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If you want to propose a small change to improve existing modules, please file an issue to go along with a pull request. To create a pull request, the following steps are useful:

  • Fork and clone with usethis::create_from_github("C4TB/shinyExprPortal", fork = TRUE)
  • Install all dependencies with devtools::install_dev_deps()
  • Create a branch for the PR, e.g. usethis::pr_init("what-is-changing")
  • Make changes and commit to your git, then run usethis::pr_push and wait for a review.

New modules

We are happy to support the addition of new modules to the package when appropriate. If you have an idea for a module, you can use the support for custom modules to develop and test it before proposing to include in the package. Once you have a module that you think has a good number of use cases and will be relevant for more users, please file an issue on the GitHub and we take it from there.

To start with a new module, you can run the function create_module_template("module_name") inside the R folder of the repository (after forking and cloning it). Then you should follow the two guides below: adding a new module and design and programming principles. The principles should be followed unless there is a good reason not to.

Adding a new module


A module is always named with camelCase and, when finalised, should be included in the list of available modules in inst/app-config.yml. A module can require additional configuration settings or not, but to be included in an app, should have a value of TRUE in the configuration file, as follows:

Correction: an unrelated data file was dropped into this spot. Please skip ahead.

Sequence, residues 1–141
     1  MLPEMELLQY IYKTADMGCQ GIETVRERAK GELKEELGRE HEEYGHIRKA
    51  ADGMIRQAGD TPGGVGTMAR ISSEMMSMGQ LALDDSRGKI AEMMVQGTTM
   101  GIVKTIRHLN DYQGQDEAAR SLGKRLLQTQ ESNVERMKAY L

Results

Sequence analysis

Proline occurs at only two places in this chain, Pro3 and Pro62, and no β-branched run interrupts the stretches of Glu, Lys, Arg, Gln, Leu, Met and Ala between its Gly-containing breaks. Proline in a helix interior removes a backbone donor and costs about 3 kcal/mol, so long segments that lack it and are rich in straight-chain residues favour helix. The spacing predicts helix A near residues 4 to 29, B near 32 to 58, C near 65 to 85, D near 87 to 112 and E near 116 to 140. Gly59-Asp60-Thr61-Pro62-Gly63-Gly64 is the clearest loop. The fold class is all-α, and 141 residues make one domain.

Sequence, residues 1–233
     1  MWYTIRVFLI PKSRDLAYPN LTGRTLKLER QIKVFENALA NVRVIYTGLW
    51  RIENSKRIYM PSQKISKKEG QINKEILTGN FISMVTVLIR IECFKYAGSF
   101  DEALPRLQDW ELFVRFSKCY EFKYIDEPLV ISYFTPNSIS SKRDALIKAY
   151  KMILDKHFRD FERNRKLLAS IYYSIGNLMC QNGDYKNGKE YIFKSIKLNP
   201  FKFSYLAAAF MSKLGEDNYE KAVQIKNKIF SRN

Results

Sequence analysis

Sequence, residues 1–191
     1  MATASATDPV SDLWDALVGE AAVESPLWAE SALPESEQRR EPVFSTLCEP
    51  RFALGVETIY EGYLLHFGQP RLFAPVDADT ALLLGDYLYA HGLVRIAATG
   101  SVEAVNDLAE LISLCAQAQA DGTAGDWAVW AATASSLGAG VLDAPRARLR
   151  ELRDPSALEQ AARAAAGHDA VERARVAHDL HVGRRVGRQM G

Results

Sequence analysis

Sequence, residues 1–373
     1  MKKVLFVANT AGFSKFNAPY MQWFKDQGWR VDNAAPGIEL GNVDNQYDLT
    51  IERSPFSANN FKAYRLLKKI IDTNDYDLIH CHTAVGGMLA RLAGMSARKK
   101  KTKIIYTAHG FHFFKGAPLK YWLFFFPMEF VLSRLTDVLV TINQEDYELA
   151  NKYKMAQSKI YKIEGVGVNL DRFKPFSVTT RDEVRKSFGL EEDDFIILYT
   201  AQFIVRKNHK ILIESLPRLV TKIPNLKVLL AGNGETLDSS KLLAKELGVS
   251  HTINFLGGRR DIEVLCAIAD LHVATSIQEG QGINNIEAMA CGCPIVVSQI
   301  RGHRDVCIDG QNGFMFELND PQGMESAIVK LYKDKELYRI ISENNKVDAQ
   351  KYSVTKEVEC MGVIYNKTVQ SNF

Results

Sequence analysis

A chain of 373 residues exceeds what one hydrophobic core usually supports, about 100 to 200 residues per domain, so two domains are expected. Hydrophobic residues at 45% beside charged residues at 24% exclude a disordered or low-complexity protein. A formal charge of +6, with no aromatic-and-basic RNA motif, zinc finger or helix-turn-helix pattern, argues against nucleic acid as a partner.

[more configuration above]
[more configuration below]

The module will then consist of at least two files:


The first file contains three functions: mod_moduleName_ui, mod_moduleName_tab and mod_moduleName_server. The second file should have a function called mod_moduleName_config, which receives config as argument. If, as above, the module does not require any configuration, the function will look as follows:

moduleNameConfig <- function(config, ...) { 
  message("Checking moduleName configuration")

Otherwise, the function should return a transformed config object

moduleNameConfig <- function(config, ...) { 
  message("Checking moduleName configuration")
  config$argument <- doSomethingWith(config$argument)

If required, any module-exclusive plotting or data functions can be included in a mod_*_utils.R file. The primary aim of the file is to reduce the amount of code in the main module file; but if any of the functions could potentially be used in more files, they should go in the general utils_*.R files. In the same way, if an author wants to use a function that exists in an existing mod_*_utils.R file in a more general way, they can rewrite it and transfer it to a utils_*.R file.


The run_module function allows testing a newly developed module in isolation from the rest of the application (which enables using browser(), for example, or react logs). Before this is possible, you need to add the module name to the available_modules list in inst/app-config.yml, as mentioned above, and set up a .yaml configuration test file appropriately. This configuration file should be as similar as possible to a final configuration file, in terms of the data-related properties, and the new module configuration. Then you can modify the function call in the end of the script dev/run_module.R, with configuration.yaml also located in dev: